• * Don’t build in a vacuum, have at least one planned use case for every bit of API you build, to help focus what you’re building\n* Where it’s possible, consume your own API, rather than having duplicate internal and external API. Note: build the API first, then look to remove redundancy - to avoid tailoring your API to your internal usecase. Also, be aware of performance costs.\n* In addition to having third party consumers AND internal consumers, build a reference implementation for each part of your API. We do this by having a second plugin in our source tree - the greenhopper-client-plugin. This never gets released, and serves no purpose, but as a developer you notice very quickly that it goes missing.\n* Your API should be clearly separate from internal services - both for consumers and for internal developers. Make it hard to ‘accidentally’ break API.\n* Where it makes sense, use atlassian-events for backend API, and JS events for front end.\n* Document your API, so people know to use it. Open source your reference client, so that people can easily see how to make it work.\nNote: some of you who consume GreenHopper API may be finding some of this advice a little amusing - yes, I said at the top that we have made mistakes so that you don’t have to. Some of this is a case of do as we say, not as we do.\n
  • The plugin system already solves many problems for us, so leverage it wherever possible. \n\nImplicit in this slide: favour non-java API - \n
  • Some of the eclipse folks have developed this fantastic guide to Java APIs. If you’re embarking on this path, read this, then reread it, then keep it open in a pinned browser tab and refer back to it in perpetuity.\n
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  • Expose Yourself! How to Leverage Plugin Extensibility to Delight your Users, AtlasCamp US 2012

    1. 1. Expose yourself!How to Leverage Plugin Extensibility to Delight Your Users
    2. 2. ObligatoryVanity Slide• GreenHopper developer• Atlassian for 3.5 years
    3. 3. Why are we here?• Because we all develop Atlassian plugins: • Commercial • In-house • Contracted customizations
    4. 4. Why are we here? ...in this session• Because I want you all to start exposing yourself • Build, document and support APIs for your plugins • Encourage one another to build integrations based on these APIs
    5. 5. Your response? GTFO!
    6. 6. Your response?• “How hard is it?”• “Sounds like a support and maintenance nightmare”• “What’s in it for me?”
    7. 7. We’re doing it
    8. 8. We’re doing it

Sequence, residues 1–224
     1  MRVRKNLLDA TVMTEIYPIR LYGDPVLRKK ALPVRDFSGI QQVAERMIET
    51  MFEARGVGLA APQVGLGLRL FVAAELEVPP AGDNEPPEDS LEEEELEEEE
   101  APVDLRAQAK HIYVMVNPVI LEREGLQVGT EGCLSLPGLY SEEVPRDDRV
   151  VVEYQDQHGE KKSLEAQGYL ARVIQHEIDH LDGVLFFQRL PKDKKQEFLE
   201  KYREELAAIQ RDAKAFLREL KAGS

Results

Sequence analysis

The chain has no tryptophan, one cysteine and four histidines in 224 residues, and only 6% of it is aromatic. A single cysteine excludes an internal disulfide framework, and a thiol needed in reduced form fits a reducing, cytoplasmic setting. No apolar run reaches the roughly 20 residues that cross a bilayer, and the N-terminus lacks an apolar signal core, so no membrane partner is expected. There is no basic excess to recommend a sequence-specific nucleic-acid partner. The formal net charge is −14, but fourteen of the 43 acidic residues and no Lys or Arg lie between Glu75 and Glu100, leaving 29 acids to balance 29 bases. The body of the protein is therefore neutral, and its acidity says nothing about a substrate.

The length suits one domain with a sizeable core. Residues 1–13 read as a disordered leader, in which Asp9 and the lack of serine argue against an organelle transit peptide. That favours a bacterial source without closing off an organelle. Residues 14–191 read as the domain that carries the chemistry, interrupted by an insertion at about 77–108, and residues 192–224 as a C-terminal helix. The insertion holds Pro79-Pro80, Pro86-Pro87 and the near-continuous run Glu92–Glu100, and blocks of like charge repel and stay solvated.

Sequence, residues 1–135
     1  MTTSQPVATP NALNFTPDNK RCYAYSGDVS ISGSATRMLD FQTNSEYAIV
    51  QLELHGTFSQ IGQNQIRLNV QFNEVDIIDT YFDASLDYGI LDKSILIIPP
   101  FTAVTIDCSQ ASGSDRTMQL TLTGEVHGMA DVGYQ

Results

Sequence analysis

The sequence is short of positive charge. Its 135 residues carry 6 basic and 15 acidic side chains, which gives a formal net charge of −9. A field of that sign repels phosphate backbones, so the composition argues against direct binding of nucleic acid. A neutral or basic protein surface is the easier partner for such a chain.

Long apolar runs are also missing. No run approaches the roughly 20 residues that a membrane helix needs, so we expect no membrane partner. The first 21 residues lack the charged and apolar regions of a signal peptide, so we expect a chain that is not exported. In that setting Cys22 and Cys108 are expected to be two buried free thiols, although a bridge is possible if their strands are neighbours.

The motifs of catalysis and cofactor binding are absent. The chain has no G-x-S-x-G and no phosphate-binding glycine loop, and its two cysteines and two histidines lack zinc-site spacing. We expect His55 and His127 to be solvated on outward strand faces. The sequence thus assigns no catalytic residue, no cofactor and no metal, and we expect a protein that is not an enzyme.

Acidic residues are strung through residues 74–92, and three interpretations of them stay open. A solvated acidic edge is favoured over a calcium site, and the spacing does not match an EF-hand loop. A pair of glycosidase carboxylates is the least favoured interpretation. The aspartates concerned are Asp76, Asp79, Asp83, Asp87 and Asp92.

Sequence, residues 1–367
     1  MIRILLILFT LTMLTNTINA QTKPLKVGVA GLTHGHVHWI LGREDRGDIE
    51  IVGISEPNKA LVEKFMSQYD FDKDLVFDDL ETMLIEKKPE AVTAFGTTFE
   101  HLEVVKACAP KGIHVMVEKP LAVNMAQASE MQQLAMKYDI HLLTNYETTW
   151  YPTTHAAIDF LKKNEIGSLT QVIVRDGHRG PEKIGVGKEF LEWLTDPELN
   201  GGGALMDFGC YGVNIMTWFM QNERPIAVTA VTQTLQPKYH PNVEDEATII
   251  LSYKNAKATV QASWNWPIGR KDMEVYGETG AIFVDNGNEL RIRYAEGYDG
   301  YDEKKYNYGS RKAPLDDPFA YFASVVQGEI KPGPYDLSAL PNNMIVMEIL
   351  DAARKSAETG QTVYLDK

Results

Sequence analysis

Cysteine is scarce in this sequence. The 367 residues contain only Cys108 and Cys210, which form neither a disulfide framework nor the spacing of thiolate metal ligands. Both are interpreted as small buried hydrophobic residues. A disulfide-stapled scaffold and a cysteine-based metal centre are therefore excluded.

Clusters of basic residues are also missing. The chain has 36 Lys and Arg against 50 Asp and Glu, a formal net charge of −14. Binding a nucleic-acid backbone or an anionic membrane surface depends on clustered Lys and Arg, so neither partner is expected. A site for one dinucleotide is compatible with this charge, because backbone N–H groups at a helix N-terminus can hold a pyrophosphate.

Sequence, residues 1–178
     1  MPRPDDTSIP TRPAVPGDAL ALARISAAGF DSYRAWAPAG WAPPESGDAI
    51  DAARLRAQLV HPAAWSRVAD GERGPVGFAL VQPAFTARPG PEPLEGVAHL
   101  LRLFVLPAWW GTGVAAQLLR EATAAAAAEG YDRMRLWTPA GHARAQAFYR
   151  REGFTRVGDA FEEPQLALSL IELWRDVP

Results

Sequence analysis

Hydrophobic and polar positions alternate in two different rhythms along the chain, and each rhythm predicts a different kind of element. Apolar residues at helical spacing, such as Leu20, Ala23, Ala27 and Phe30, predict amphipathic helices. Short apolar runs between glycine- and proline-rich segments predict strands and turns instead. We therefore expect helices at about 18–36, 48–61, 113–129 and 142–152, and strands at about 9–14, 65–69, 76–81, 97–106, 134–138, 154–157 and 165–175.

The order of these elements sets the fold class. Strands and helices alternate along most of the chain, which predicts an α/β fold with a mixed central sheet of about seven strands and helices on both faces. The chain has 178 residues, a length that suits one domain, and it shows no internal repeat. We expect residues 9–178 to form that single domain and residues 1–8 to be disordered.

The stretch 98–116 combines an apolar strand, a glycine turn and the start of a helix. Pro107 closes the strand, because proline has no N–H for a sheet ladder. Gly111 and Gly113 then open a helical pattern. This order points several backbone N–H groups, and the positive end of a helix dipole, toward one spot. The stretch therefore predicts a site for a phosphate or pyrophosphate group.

9. 9. We’re doing it
    10. 10. We’re doing it
    11. 11. What’s in this talk?• What we’ve been doing• Why you should follow our lead• How you can do it.
    12. 12. GreenHopperintegrations
    13. 13. Pretty URLs
    14. 14. Pivotal importer
    15. 15. GreenFire (orBonHopper)
    16. 16. Sample data
    17. 17. HipChat for GreenHopper• ???
    18. 18. Why did we buildthese integrations?• Cheap• Users get something extra for free• Makes JIRA feel more like a more seamless experience
    19. 19. Why should you develop such• Depends on who you are: • Commercial developers • In-house developers • Contract developers
    20. 20. How do we get there• Find opportunities for integrations• Follow best practices• Use techniques best-suited to each integration
    21. 21. Finding integration opportunities• Existing pain points• Redundancy between plugins• Feature overlap• Contextual interaction
    22. 22. Best Practices• Don’t build API in a vacuum• Dogfood your own API• Build reference implementations• Clearly separate API from internal• Decouple through events, where possible• Document
    23. 23. Available techniques• Leverage the plugin system, as much as possible • Contexts/locations on existing module types • Custom module types• Event-driven JS APIs • Lightweight
    24. 24. http://wiki.eclipse.org/Evolving_Java-based_APIs
    25. 25. Available techniques• Demarcate what is API through use of a separate API artifact• Be vigilant to ensure backwards compatibility of API - additive changes• Have integration tests and alerts to avoid regressions
    26. 26. Exposing Java API(and playing nicely with the plugin system)• Mark API plugin components as public=true• Export-Package statements• Limit external class references in API artifact to JIRA + platform• Ensure all maven dependencies are marked <scope>provided</scope>
    27. 27. Available techniques• Decide: Hard or soft dependency • Hard - your plugin will not function in absence of depended- upon plugin • Soft - graceful degradation, only integration features fail
    28. 28. Available techniques• Hard dependency • <pluginDependency> in your pom • Release your plugin as an OBR• Soft dependency • DynamicImport-Package, optional service pattern, OptionalFeatureService and PluginDependencies, conditional UI elements • ...it’s a little harder. Join me over in IDEA